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Healing Indicators

Healing Crisis

A healing crisis usually occurs in stage one on day two or three.  During the first few days in implementing the GAPS protocol, the body begins cleaning up its toxins.  The healing crisis occurs when the pathogenic microbes die off and release their toxins.  These toxins are the cause of the GAPS patient’s mental health characteristics and a regression is usually presented.  Whatever symptoms the child or adult has such as self harming or obsessive compulsive disorder, these symptoms may get worse before they get better.  The body needs time to detoxify before this gets better and this could take weeks or months.  Many of the symptoms include headaches (migraines), vomiting, nausea, muscle aches, depression, bloating, constipation, diarrhoea, extreme fatigue, listlessness or an increase in any symptom the person may have experienced in the past.

For a wonderful description of a healing crisis or die off reaction click here

 

Stage Progression Indicators

Stage progression is dependant upon the individual.  Some people may remain in stage one for a few days and others may take several weeks before moving onto the next.  Your patient may be able to move through the Introduction Diet faster or slower depending on two factors: typical symptoms and stool changes.

 

Typical Symptoms

The first indicator identifies when the healing crisis subsides and other typical symptoms improve.  These symptoms could range from anything that you noticed that got worse during the healing crisis like a specific behaviour (obsessions, irritability, crying etc) or noticeable reactions like headache, bloating or rashes.  It becomes a personal observation for the individual; however each stage should not be rushed or you run a risk of returning to that stage. 

The GAPS patient’s stool needs to have firmed up to either a 3 or 4 on the Bristol Stool Chart.  The general rule is: do not move on until diarrhoea or constipation has improved and the stool has become more solid.  Do not be mistaken by stools that have squeezed out of an excess fecal compaction which greatly increases toxicity in the body – this is when the stool shape has a slightly jiggered edge or unusual  appearance instead of a stool that presents with smooth round sides.  Constipation and an overflow squeezing through fecal compaction is very toxic for the whole body.  An enema will assist in resolving this problem and Dr Natasha advises that no child should be left constipated for more than 36 hours.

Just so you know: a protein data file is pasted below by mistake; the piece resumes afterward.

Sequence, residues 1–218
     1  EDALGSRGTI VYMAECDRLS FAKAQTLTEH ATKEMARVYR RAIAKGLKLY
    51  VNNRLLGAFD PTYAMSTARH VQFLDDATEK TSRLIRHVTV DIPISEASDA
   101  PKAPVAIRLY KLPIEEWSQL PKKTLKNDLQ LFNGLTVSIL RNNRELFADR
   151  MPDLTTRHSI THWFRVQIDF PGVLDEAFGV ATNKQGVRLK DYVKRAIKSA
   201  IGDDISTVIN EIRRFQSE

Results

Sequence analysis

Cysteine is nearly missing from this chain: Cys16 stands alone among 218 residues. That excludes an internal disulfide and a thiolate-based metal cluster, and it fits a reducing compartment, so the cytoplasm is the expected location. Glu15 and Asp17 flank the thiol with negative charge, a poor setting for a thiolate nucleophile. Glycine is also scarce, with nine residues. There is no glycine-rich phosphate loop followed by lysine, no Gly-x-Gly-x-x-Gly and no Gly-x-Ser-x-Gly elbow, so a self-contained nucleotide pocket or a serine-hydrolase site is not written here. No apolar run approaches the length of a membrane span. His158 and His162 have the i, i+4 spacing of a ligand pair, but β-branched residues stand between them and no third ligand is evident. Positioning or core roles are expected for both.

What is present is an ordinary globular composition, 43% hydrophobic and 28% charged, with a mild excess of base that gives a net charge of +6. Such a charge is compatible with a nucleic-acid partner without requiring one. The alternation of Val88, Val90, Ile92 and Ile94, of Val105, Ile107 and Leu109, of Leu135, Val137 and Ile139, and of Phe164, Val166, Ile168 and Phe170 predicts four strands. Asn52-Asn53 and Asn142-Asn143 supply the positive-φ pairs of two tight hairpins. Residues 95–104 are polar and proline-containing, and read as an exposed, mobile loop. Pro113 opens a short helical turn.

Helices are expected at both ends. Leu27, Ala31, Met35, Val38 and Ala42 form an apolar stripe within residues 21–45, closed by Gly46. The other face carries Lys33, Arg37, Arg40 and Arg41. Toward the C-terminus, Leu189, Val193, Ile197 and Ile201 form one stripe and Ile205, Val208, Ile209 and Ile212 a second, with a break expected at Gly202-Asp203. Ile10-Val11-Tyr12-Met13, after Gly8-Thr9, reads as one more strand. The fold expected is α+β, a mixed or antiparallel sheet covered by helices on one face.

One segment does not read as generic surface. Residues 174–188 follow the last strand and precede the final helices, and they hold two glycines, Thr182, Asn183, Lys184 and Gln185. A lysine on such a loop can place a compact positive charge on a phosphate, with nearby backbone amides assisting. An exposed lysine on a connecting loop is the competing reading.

The Bristol Stool Chart

 
The Bristol Stool Scale or Bristol Stool Chart is a medical aid designed to classify the form of human stools into seven groups.  It was developed by Heaton and Lewis at the University of Bristol and was first published in the Scandinavian Journal of Gastroenterology in 1997.  The form of the stool depends on the time it spends in the colon

Bristol_Stool_Chart

Type 1 has spent the longest time in the colon and type 7 has spent the least.  Stools at the lumpy end of the scale are hard to pass and often require a lot of straining.  Stools at the loose or liquid end of the spectrum can be too easy to pass – the need to pass them is urgent and accidents can happen.  The ideal stools are types 3 and 4, especially type 4, as they are most likely to glide out without any fuss.

 

What type of stool is best?

  • The feeling you need to go is definite but not irresistible  
  • Once you sit down on the toilet there is no delay  
  • No conscious effort or straining is needed  
  • The stool glides out smoothly and comfortably
  • Afterwards there is only a pleasant feeling of relief
  • All this is most likely if the stool is Bristol Stool Form Scale, type 4


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